Bag-fee economics, yet again

(Previously here and here.)

It turns out that most people don’t like being nickeled-and-dimed by airlines, and airlines that signal their unwillingness to pinch every penny get more customers.  Here’s Megan McArdle on the subject:

Push another frame on the stack; we’re into the third level of post-excerpting recursion.  Here’s an excerpt from the top-level article*:

Baggage fees are the kind of shortsighted things that are killing us,” the top U.S. executive of a European airline told me recently. “The accountants we have are great at tracking the ‘ancillary’ revenue we generate whenever we invent something like a baggage charge. But they have absolutely no way to match that against our potential overall revenue exposure if travelers book away from us. And no one holds them accountable for their one-way accounting. It’s a scandal.”

First-author Joe Brancatelli (and first-recurser Felix Salmon) argue that teh ebil short-sighted airlines have gleefully embraced the apparent profit centre of charging passengers for their checked bags, while blithely ignoring the flight (heh!) of those obstreperous and offended passengers to other, more caring airlines like Southwest and, um, JetBlue.

Megan replies that the first article assumes causation where there’s only a dubious correlation:

But this article suffers from a similar failure to control for confounding factors.  Essentially his argument is that the airlines that made the most from bag fees suffered the biggest declines in revenue.  But of course, causation might go the other way:  the airlines losing the most revenue might be the ones that are most gung-ho about baggage fees.

For my own part, I see “free bag” policies as an indication that a given airline is willing to fuck bagless passengers for the benefit of the other passengers.  This might be an overall win for the airline, of course, but it’s a disincentive for me.


* That link is the internet equivalent of a longjmp(3) call.  Goddamn I’m a nerd.

6 Responses to “Bag-fee economics, yet again”

  1. 1 Not Sure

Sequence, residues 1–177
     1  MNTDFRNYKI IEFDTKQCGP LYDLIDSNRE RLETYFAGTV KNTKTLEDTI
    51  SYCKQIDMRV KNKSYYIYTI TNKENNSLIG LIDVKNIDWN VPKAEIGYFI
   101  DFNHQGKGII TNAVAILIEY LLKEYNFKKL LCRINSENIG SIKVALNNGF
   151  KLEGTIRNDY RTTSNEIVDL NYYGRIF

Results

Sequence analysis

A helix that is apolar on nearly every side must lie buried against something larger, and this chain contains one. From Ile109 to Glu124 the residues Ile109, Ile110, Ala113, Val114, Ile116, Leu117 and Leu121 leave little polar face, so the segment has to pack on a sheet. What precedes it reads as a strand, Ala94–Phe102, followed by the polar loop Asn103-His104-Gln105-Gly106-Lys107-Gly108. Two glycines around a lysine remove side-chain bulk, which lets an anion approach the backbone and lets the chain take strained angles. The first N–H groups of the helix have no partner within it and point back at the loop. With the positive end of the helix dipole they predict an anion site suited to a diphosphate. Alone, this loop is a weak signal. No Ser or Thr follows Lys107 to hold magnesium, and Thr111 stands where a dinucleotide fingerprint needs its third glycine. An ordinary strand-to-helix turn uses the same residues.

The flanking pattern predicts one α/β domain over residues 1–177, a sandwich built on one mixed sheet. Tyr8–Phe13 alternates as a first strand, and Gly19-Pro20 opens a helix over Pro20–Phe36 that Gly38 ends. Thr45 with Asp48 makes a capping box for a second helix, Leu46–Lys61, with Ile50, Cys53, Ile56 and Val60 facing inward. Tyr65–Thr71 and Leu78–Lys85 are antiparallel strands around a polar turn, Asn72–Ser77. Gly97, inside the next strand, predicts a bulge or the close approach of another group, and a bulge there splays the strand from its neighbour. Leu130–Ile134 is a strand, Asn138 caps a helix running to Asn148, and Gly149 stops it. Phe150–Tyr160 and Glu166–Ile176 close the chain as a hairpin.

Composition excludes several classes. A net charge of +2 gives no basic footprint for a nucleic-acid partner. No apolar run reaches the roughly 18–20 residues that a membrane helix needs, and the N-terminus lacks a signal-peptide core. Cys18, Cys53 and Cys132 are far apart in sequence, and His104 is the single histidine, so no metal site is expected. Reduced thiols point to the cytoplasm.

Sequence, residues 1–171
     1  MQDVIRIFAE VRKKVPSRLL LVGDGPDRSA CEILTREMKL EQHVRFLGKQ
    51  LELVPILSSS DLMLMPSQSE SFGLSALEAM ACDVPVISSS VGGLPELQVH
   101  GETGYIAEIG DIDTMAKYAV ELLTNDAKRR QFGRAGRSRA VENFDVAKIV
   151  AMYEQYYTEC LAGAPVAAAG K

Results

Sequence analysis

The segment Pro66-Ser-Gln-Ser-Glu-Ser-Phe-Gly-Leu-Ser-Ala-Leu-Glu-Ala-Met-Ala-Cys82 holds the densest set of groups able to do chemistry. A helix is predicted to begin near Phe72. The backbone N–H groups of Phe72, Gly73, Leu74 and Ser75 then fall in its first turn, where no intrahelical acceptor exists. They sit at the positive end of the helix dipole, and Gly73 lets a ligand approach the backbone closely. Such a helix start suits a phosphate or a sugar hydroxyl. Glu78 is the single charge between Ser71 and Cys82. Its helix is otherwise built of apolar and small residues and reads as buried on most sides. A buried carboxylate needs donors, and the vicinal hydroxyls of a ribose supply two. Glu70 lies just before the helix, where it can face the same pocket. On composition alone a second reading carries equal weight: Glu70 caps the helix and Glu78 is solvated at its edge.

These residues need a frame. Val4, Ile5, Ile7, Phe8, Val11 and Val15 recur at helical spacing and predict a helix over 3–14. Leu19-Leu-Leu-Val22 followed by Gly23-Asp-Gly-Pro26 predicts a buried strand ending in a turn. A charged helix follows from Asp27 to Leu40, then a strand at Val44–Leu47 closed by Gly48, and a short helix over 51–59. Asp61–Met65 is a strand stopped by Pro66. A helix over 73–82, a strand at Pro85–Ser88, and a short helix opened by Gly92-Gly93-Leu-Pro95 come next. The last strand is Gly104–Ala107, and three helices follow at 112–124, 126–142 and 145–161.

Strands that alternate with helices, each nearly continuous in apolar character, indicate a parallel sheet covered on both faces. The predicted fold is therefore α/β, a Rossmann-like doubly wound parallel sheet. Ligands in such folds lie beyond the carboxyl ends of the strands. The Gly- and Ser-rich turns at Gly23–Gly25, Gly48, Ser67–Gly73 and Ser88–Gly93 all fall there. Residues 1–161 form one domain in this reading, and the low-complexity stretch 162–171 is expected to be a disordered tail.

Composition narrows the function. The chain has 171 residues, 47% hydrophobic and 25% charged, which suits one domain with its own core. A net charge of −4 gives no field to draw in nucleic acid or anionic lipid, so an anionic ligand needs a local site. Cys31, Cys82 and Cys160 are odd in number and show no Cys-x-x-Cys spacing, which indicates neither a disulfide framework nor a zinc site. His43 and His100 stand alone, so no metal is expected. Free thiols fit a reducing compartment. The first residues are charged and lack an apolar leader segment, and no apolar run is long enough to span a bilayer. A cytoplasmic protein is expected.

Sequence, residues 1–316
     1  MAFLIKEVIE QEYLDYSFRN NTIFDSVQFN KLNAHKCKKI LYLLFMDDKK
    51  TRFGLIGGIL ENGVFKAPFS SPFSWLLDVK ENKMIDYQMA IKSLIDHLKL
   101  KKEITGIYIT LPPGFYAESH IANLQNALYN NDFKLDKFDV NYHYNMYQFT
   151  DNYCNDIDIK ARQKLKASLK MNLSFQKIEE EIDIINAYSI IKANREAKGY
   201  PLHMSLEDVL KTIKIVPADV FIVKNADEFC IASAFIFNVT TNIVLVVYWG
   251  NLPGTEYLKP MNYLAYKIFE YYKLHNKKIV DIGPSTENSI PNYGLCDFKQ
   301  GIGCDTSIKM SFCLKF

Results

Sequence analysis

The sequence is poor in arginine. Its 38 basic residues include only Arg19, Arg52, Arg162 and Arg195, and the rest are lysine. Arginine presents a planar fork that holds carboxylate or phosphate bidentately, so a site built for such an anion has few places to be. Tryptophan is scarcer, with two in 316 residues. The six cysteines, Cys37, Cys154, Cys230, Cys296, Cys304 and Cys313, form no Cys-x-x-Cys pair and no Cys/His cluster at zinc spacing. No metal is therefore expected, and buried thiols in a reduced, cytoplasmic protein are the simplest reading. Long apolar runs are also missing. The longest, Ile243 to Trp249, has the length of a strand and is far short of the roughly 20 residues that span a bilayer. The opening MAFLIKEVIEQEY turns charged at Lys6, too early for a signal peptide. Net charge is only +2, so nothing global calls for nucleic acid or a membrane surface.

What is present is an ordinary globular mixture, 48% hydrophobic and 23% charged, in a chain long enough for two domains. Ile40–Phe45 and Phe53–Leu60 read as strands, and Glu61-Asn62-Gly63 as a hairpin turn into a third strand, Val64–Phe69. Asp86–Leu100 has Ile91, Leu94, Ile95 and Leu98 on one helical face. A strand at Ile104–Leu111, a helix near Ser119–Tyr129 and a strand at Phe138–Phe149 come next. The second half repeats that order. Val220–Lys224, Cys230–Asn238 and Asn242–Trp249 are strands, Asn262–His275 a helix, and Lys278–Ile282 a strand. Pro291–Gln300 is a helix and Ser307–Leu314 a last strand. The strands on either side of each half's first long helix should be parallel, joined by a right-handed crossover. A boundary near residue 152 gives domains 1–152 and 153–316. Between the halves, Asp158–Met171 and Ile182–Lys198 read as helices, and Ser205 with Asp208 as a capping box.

October 15, 2010 at 19:22

    “For my own part, I see “free bag” policies as an indication that a given airline is willing to fuck bagless passengers for the benefit of the other passengers.”

    That’s kind of what I was thinking. Whenever I see that Southwest “Bags Fly Free” ad, I wonder how they managed to suspend the laws of physics in order to get that to work.

    I mean- you’re not going to tell me that they’re charging me for my bag, but just not saying how much, right?

    • October 16, 2010 at 21:58

      Southwest: Bags Fly Free On Someone Else’s Dime.

      Y’know, if people traveling with bags on “bags-fly-free” airlines felt the obligation to buy drinks for people traveling without, I’d be perfectly okay with the idea. Noblesse oblige and all that.

  2. October 16, 2010 at 06:27

    One baggage problem can now be solved as you can check before you fly where you can buy your duty free on arrival at the website of the same name.

  3. 5 aczarnowski
    October 16, 2010 at 09:18

    This is an example where technically and practically correct are different. While charging for bags is the technically correct way, the ancillary factors of security preventing one from bring perfectly reasonably and necessary things like razors with me and bad checked service handling (bags not making it) twists the field.

    Until I can bring my leatherman with me on the flight (and preferably by handgun) and until there’s some recourse for lost bags past “you have no recourse” paying them extra for the privilege of getting screwed over is not going to work in their favor from a customer relations perspective. Like their chosen route impacting fuel charges which I don’t have any control over, I don’t have control over my baggage handling today and so the technical/practical mis-mesh.

    This is rattled off under time pressure and a bit too much caffeine. Hopefully I don’t have to come back later to unmake myself the idiot…

    • October 16, 2010 at 21:55

      Yeah, I basically agree with you. The bag-fee issue is basically an economics-of-scale problem as far as I can tell — if I actually knew shit-all about econ I’d probably be able to speak learnedly about Coase here, but I don’t and can’t so this is what you get.

      The PR disconnect you mention is, to my mind at least, similar to what Russ Roberts says about “the job not created” by ultra-Keynesian stimulus packages. It’s easy to point to things that bag fees do poorly (“I’m traveling with a single bag; that’s not such a big deal, why should I have to pay extra for it?”), while things that incorporated bag costs (“no fees”) do well are hard to see. There aren’t many people taking Delta these days who gush to their friends about how they paid $15 less for their airfare than they would have if Delta had allowed them one no-fee piece of luggage.

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